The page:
Common intention in crime   

Saturday December 05 2020
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By Sylvester Onzivua

On October, 14, 2010, Dr Edward Gasterfson Tamale Ssali, the proprietor of Women’s Hospital International in Bukoto, Nakawa Division in Kampala invited a one Dr Parker Rafique from Nairobi to operate on a patient.

The patient that Dr Parker was hired to operate on died shortly after the start of the surgery and the death was attributed to an anesthetic accident.

Dr Parker was not and had never been certified and registered by the Uganda Medical and Dental Practitioners Council to practice medicine in Uganda as requested by law. 
The Uganda Medical and Dental Practitioners Act prohibits the practice of medicine in Uganda without a certificate issued by the Council and to do so is a criminal offence punishable by imprisonment. 
Charged 
Dr Tamale and the anaesthetist were charged and prosecuted at the Chief Magistrate’s Court of Buganda Road for causing the death of the patient under the rash or negligent act. Dr Parker sneaked out of the country and was, therefore, unavailable to stand trial. The trial court, however, acquitted the two.
Appeal 
The prosecution on behalf of the State was not satisfied with the judgment and appealed. One of the issues raised in the appeal was that the trial court completely ignored the fact that the surgeon who was hired to carry out the surgery was not licensed to practice in Uganda.  This vital evidence was not mentioned anywhere in the judgment but swept under the carpet.

Common intention
The trial court ruled that the doctor was not in the operating theatre at the start of the operation, and therefore did not participate in the commission of the crime. The court concluded that prosecution had failed to prove common intention and therefore participation of the accused persons in the commission of the offence. 

To the State, the trial court misapplied the principle of common intention as envisaged under the law. The principle is that when two or more persons form a common intention to act together and an offence is a foreseeable outcome of that act, each of them is deemed to have committed that offence.

It is now settled in law that an unlawful common intention does not imply a pre-arranged plan. Common intention may be inferred from the presence of the accused persons, their actions and the omission of any of them to disassociate from the action. 

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The unlawful action can develop in the course of the events though it may not have been present from the start. It is immaterial whether the original common intention was lawful so long as an unlawful purpose develops in the course of the events. 

It is also irrelevant whether the two participated in the commission of the offence. Where the doctrine of common intention applies, it is not necessary to make a finding as to who actually caused the death.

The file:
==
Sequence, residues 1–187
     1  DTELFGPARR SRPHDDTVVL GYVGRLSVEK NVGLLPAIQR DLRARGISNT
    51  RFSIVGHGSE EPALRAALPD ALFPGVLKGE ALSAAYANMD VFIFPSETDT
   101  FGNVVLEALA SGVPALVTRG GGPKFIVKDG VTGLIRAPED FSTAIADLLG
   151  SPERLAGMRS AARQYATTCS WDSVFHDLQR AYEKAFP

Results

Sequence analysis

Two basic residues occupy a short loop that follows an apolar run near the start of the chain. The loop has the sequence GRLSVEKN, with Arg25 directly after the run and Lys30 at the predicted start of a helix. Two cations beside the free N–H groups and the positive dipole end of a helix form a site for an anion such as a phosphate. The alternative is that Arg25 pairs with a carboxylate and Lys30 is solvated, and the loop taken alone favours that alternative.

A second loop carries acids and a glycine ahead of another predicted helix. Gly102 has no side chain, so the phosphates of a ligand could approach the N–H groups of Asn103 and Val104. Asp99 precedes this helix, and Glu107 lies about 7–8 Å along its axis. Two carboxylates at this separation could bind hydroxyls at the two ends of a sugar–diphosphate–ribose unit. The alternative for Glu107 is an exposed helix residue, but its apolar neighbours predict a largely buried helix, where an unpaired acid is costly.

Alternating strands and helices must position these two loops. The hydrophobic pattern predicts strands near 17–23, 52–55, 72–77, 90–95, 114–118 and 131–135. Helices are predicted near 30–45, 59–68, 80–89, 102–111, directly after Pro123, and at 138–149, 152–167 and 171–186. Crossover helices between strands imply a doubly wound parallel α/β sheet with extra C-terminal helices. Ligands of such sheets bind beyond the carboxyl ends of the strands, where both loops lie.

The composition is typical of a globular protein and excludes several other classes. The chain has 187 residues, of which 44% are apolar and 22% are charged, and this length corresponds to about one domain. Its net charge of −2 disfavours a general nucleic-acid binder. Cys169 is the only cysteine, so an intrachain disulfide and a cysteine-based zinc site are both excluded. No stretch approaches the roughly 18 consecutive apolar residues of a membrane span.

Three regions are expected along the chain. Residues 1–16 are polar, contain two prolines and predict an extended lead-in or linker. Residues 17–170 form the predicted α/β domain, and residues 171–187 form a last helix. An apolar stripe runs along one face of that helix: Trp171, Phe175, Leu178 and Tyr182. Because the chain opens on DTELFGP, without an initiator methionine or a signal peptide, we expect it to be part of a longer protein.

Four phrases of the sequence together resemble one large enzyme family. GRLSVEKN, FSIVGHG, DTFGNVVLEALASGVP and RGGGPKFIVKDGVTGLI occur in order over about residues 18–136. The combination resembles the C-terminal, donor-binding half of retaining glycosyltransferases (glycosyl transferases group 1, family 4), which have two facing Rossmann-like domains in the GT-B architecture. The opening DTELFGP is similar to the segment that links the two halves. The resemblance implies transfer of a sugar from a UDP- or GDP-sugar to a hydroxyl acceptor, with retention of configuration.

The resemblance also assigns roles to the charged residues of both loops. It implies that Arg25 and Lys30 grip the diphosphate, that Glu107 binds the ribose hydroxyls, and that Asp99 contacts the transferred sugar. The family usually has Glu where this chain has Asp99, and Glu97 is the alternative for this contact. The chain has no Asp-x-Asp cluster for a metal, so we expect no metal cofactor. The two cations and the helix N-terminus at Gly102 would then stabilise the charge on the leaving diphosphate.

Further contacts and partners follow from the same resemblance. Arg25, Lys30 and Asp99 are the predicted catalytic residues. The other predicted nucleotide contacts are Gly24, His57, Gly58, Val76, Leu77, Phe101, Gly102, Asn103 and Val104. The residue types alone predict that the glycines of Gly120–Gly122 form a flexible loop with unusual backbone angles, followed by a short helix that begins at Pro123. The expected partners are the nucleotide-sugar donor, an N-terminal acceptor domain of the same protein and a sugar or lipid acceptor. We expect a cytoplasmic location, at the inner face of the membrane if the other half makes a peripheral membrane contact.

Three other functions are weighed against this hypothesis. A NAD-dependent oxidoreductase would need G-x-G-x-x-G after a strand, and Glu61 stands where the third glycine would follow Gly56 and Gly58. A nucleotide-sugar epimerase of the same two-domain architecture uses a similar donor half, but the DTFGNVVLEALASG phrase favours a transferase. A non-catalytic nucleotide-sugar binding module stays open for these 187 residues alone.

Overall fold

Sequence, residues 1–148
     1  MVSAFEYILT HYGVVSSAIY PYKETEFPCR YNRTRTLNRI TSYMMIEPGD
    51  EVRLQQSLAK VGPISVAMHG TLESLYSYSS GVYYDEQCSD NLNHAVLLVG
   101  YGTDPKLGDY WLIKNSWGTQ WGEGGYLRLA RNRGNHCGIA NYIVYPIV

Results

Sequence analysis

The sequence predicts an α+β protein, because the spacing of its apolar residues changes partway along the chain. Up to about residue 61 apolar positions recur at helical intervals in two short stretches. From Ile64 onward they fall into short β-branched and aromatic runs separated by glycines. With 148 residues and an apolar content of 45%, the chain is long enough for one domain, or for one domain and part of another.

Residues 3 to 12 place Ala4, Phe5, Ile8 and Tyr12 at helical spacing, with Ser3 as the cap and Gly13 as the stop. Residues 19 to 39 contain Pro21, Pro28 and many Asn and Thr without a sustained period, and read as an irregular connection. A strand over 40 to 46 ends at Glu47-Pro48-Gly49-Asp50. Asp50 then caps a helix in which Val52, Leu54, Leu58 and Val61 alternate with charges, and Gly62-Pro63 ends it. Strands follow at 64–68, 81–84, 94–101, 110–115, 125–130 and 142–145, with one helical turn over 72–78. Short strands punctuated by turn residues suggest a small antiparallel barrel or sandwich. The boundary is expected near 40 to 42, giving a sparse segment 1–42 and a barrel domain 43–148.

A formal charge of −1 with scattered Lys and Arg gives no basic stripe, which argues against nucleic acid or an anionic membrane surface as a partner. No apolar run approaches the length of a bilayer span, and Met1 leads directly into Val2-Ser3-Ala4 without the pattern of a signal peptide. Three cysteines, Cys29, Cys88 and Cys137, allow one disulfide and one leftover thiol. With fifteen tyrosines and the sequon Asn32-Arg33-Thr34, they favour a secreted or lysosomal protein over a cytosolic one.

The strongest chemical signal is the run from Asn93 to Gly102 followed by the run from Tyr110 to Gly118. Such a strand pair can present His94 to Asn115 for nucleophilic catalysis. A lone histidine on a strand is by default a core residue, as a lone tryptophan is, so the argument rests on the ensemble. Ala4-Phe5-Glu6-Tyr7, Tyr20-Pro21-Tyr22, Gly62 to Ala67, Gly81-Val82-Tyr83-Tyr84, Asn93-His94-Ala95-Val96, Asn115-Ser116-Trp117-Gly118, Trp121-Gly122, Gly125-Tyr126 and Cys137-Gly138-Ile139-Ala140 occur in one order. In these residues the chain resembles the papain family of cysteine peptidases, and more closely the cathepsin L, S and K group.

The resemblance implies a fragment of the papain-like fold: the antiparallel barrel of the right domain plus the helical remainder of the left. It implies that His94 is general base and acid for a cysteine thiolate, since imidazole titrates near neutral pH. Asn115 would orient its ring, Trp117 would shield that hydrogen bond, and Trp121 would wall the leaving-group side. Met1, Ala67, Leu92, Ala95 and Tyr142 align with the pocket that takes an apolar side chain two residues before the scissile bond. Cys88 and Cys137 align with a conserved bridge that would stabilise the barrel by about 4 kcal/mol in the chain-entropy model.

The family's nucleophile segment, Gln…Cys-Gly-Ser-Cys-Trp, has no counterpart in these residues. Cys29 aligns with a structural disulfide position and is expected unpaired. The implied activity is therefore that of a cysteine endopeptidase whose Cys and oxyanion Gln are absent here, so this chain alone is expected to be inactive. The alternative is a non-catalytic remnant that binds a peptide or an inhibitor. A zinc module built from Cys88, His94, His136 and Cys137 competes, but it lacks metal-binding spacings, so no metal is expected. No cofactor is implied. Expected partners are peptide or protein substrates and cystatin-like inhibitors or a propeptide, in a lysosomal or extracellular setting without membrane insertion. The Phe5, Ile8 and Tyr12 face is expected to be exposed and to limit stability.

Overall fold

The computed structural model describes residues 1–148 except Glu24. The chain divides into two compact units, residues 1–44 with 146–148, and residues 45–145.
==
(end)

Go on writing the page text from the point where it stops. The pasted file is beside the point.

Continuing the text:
The State submitted to the appellant court that when a common intention is established, it becomes irrelevant as to who finally committed the actual offence. The accused persons will be guilty of the offence as long as they shared a common intention in the unlawful resulting action.
The facts
To the State , there was undisputed evidence that the patient had been referred to Dr Tamale Ssali by another colleague. 

The doctor , therefore, owed the patient a duty of care as the primary doctor and proprietor of the health facility. Indeed, the doctor scheduled the surgery and invited Dr Parker to carry out the operation. The evidence on record shows that the doctor received the patient and handed her over to the anaesthetist and the surgeon. The doctor told court that he was not physically present in the theatre when the patient died at the onset of the operation.

The State, in the appeal, submitted that it was the duty of the primary doctor to ensure that the surgery was carried with reasonable skill and care and the doctor failed and or neglected to supervise the patient’s surgery and this resulted in the tragic death of the patient. The doctor did not go to attend to another emergency but according to his own testimony he went to his office. 

The State submitted that this was gross negligence by the doctor as this was his patient.


The doctor was no ordinary doctor but a highly qualified consultant obstetrician surgeon and it should have been his cardinal duty and in his interest to be present during the surgery he had hired other medical and health practitioners to undertake. If he had been present at the surgery, he would have identified that there was an error during intubation and this would have saved the patient. 

The doctor, during an earlier hearing, admitted that when he was called to the theatre when the alarms went off, he immediately identified the intubation error and directed the anaesthetist to correct the error but it was too late to save the life of the patient. 

There was overwhelming and unchallenged evidence on record that the second accused person, the anaesthetist, wrongly inserted the oxygen tube into the patient’s oesophagus instead of the trachea and he admitted this under oath before the Medical Council. The proprietor of the hospital too admitted this much. 

 Disclaimer:  This article is based on a ruling that the Uganda Medical and Dental Council availed and submitted in an open Court of Law                                                    

Next: High Court ruling on  the States’ appeal

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